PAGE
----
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5 Types of Toxic Relationships To Look Out For

Relationships can be a challenge to navigate, and often, the longer we’ve known someone, the harder it can be to see when one has become a toxic presence in our lives.

Most people often hold onto unhappy relationships in the name of loyalty, meanwhile one of parties may be suffering. While understanding how to communicate assertively and compassionately, compromise, and work things out are critical life skills, sometimes we need to learn how to simply let go of relationships that have run their course and no longer serves us.

Here are five different signs of toxic personalities you may consider releasing from your life.

Toxic Personality #1: Negative/Pessimistic people

Sometimes the people that we love the most can bring the most negativity into our lives. If you know in your heart that your partner, loved one, or friend is weighing you down with their negative energy, it is important to distance yourself from them. You can love someone from a distance if you feel that they are no longer contributing to your life in a positive way. Remember, if someone is not contributing to your happiness by bringing you peace, clarity, or support, they are merely distracting you from reaching your next level and it may be time to let them go.

Toxic Personality #2:  Hypercritical people

Constructive criticism can be helpful if you want to grow and evolve. And we want a healthy amount of accountability within our relationships in order to live with integrity. However, if you find yourself receiving more judgement than support, it may be time to reevaluate the relationship. Criticism should always be constructive, not badgering, obsessive, or abusive. How do you recognize the difference between constructive critique and judgement? Pay attention to the way you feel. Do you feel supported and encouraged, or do you feel nit-picked and belittled? If there is a presence in your life that seems to exist solely to point out your flaws, it’s time to remove that presence from your environment.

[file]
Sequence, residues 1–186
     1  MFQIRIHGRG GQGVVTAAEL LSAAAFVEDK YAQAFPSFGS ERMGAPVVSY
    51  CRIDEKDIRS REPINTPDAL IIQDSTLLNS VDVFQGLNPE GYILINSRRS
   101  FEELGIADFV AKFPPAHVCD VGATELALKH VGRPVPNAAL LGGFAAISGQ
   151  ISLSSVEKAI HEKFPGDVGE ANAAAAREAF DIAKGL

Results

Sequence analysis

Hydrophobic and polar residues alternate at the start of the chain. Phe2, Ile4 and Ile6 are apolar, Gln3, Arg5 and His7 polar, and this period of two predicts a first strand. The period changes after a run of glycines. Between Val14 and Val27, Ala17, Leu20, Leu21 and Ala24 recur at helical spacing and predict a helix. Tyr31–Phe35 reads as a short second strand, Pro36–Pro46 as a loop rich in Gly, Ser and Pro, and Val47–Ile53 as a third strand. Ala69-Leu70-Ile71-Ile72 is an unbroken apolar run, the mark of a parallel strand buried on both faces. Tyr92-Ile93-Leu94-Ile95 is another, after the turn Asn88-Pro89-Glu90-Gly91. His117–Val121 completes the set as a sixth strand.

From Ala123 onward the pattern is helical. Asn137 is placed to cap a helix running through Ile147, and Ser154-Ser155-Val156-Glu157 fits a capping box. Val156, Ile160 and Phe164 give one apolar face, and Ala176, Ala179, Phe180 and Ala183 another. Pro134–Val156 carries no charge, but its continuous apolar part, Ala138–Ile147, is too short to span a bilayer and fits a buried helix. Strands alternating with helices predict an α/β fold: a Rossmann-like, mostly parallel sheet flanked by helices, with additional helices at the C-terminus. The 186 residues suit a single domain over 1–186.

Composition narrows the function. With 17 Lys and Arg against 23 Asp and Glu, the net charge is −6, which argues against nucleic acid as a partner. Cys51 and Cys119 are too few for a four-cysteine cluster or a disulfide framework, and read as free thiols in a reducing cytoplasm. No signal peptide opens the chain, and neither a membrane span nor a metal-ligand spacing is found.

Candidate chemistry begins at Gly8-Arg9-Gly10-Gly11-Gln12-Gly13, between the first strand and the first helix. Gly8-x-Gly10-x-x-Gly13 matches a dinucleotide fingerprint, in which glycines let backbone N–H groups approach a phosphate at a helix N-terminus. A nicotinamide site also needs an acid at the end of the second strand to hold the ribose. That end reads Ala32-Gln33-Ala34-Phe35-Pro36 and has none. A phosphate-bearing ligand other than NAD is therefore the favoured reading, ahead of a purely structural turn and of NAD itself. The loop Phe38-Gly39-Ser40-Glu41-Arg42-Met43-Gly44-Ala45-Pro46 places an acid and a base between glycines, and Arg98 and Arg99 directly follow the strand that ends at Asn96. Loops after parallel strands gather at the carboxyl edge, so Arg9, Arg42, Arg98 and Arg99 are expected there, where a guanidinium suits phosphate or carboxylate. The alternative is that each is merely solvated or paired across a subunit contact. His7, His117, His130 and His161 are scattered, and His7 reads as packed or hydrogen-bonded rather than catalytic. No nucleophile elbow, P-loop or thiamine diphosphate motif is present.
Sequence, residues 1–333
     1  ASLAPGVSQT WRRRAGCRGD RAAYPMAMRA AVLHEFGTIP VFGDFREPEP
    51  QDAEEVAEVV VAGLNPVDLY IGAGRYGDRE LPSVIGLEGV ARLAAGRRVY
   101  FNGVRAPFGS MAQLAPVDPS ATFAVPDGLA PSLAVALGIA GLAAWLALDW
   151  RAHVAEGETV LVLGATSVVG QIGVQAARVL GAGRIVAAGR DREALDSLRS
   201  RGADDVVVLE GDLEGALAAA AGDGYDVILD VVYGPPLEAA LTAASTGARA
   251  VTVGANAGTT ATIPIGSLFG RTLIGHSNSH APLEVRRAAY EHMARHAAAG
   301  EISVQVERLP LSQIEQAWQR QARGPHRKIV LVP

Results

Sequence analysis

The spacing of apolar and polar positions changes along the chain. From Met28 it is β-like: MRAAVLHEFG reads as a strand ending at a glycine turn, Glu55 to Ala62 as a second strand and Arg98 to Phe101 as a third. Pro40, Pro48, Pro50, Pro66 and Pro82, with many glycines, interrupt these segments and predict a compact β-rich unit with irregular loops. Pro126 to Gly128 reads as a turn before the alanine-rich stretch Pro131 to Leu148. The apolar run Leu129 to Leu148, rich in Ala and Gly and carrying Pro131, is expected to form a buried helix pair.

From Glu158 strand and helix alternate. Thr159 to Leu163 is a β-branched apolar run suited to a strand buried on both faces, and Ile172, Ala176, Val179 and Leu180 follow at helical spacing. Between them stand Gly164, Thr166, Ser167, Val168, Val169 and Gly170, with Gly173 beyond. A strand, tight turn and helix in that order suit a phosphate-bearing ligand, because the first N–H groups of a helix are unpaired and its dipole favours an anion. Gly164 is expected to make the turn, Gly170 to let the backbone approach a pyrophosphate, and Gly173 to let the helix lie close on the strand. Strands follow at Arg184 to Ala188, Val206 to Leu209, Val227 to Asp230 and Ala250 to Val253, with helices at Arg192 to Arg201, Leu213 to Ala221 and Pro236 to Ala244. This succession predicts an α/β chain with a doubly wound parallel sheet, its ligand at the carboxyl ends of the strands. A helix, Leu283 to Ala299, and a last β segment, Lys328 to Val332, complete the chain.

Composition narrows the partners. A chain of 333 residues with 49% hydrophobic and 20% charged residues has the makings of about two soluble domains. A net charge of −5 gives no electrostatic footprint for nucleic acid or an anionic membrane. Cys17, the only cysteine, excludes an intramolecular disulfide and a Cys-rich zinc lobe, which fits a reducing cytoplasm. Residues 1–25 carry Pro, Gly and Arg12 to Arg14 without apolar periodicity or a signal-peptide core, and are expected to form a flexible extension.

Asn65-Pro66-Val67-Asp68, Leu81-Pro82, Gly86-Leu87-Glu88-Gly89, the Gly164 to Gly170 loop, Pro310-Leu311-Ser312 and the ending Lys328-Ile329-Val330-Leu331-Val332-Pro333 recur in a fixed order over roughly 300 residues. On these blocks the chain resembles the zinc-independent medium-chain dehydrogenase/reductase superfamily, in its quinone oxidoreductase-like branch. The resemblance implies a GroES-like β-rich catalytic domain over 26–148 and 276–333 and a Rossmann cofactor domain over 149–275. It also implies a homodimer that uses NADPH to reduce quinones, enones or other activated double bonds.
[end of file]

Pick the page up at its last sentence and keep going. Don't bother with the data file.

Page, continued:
Toxic Personality #3: Apathetic people

While it is important to beware of people who are hyper-critical, it is also crucial to watch out for those who are apathetic. You don’t want to invest your care or time into someone who doesn’t make an effort to reciprocate. If you sense that your partner isn’t making time for your relationship, doesn’t bother to work through disagreements, or has to be reminded a million times of your needs, they may not care enough to make you a priority. In this case, it might be best to say goodbye and find someone who is excited to have you around.

Toxic Personality #4: People with a victim-mentality

Some people grow very attached to the victim-mentality, which is essentially the notion that life is against them, they are cursed, damned, or permanently damaged in some way. Even when life deals you a bad hand, it is critical to be able to cling to hope, and channel that energy in a positive direction. If you find yourself attached to someone who is unready to let go of their victim-mentality, sadly, they may only be a detriment to your own forward progress. You cannot force someone to stand up or demand better for themselves, so the best thing to do may be to part ways and wish them continued strength in their individual journey.

Toxic Personality #5: Closed-Minded people

Finally, there are people who are simply unwilling to be flexible in their perception or navigation of the world. They adhere closely to their own ideas, even when they’re not necessarily the healthiest or most effective. Close-minded people will reject your attempts to offer support, guidance, or suggestions because their ego is on a constant mission to protect itself, and it will defend that inflated sense of superiority fiercely and bitterly. With close-minded people, it is impossible to reach a point of compromise, and the best thing to do is to move on.

Just because someone exhibits toxic behavior, it doesn’t mean they are a bad person. It does, however, mean that they are not vibrating at a high enough frequency to contribute to your life and happiness in any sustainable way. Leaving people behind may hurt deeply at first, but in the long run, learning to let go of toxic relationships is the healthiest move you can make for yourself.

Remember, you are allowed to leave when relationships no longer feel healthy.  

Are you struggling to leave a toxic relationship? Do you need help identifying and remedying your own toxic behaviors? Call Lucas Saiter today at 646.506.3832.

Lucas Saiter is a counselor in Manhattan. He provides therapy for anxiety, depression, and trauma, as well as relationship and intimacy issues to help individuals take control of their life and make meaningful change. If you are struggling with intimacy issues in your interpersonal relationships, contact Lucas Saiter today for a complimentary consultation.